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Pac-12 Confidential

Bud Withers offers an inside look at the Pac-12 Conference and the national college scene.

April 1, 2013 at 12:21 PM

With Alford hire, the mystery that is UCLA hoops deepens . . .

The new basketball coach at UCLA, Steve Alford, has been at it for about two decades now, and it’s probably fair to say the best team he has coached was at Iowa in 2005-06, when the Hawkeyes went 25-9, 11-5 in the Big Ten.

That season, Iowa ranked No. 1 in Ken Pomeroy’s adjusted defensive ratings, and No. 223 in tempo.

That’s among the things that make the Bruins’ choice of Alford — for the past six years coach at New Mexico — a bit mystifying. When he announced the hire, AD Dan Guerrero talked about the “uptempo” style Alford favors, almost as if he were officially demanding how Alford needs to operate now.

Only once in the past 10 years has an Alford team, at Iowa or New Mexico, ranked in Pomeroy’s top 100 in tempo. That was in 2004, when his Iowa team was No. 69.

If you’re sensing this could merely be Ben Howland repackaged, you’re forgiven.

There’s little doubt Alford can coach. He had some success at Southwest Missouri (now Missouri State), he had some at Iowa, and he had some at New Mexico. It was considerable in Albuquerque; he never won fewer than 22 games, and he had a 30-win season in 2010, 29 this year and 28 a year ago.

But if you judge success within the NCAA-tournament framework, Alford has been less than scintillating. He had a surprise Sweet 16 appearance with Southwest Missouri in 1999 (when, famously, his team won a first-round game against Dick Bennett-coached Wisconsin by the horrific score of 43-32; hope you played the “under”). But since then, it’s been short of boffo. His six combined NCAA-tournament teams at Iowa and New Mexico won a grand total of three games.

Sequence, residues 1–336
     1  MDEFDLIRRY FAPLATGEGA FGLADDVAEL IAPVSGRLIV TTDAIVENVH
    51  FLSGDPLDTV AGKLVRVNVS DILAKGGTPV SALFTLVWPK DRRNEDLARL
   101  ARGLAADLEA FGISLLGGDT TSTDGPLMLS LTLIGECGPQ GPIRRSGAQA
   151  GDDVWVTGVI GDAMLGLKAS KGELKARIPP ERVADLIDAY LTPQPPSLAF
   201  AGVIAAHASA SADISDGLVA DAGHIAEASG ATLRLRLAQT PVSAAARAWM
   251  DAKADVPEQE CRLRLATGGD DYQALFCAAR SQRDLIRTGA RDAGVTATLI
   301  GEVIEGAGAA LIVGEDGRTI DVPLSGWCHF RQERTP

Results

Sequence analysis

That ’06 Iowa team, a No. 3 seed, lost to Northwestern State on a first-round buzzer-beater. His 2010 New Mexico team was thrashed, as a No. 3 seed, by Washington, 82-64, in the second round, and his latest edition of the Lobos was upended in Salt Lake City by Harvard, for the Crimson’s first victory in NCAA-tournament history. That New Mexico team was also a No. 3 seed (3 seeds are the kiss of death for Alford) but Harvard dictated pace and played fearlessly all night (I was in attendance), led virtually the entire game and ended a grand Lobo season that saw them win the regular season and Mountain West tournament.

It was in Salt Lake that somebody joked, “This is why you don’t give a coach a new contract before the tournament begins.” Seems that New Mexico, on the eve of the start of the tournament, announced a new 10-year deal for Alford, who was quoted in the school’s press release:

“I have said from our first game in The Pit that this was a special place and that it was a tremendous honor to be the head basketball coach at the University of New Mexico. Now six years in, we have built a top 25 program on and off the court. There is no other place I would rather coach than at UNM . . .

“I’m very appreciative of the administration and Board of Regents for allowing me to have the opportunity to continue to lead UNM basketball. I’m very excited about what we have accomplished in our first six years, and I look forward to building on those successes in the future.”

The statement included a “term sheet” that was specific in its language, including stipulations of his buyout: “Should Coach Alford leave the employment of UNM, he will be required to pay the following amount:

“Prior to April 1, 2015, $1,000,000 . . . ”

Hmm. Guess they should have applied more urgency to it, as in: “Should Coach Alford leave the employment of UNM within, like, 10 days . . . ”  That’s how long it was before Alford high-tailed it to UCLA.

Geographically, it somehow seems like an odd fit as well. But maybe that’s because Alford was a small-town Indiana guy, a hero there led his team to the 1987 national title and who was always assumed to be headed back someday to coach the Hoosiers. Instead, he landed at another blueblood program 2,000 miles away.

He’ll be able to recruit more easily there, but the demands, both obvious and unspoken, will be mammoth. That’s the attraction of UCLA, and the strings attached. It’s the place that wants to return to yesteryear but never seems quite sure how to do it.

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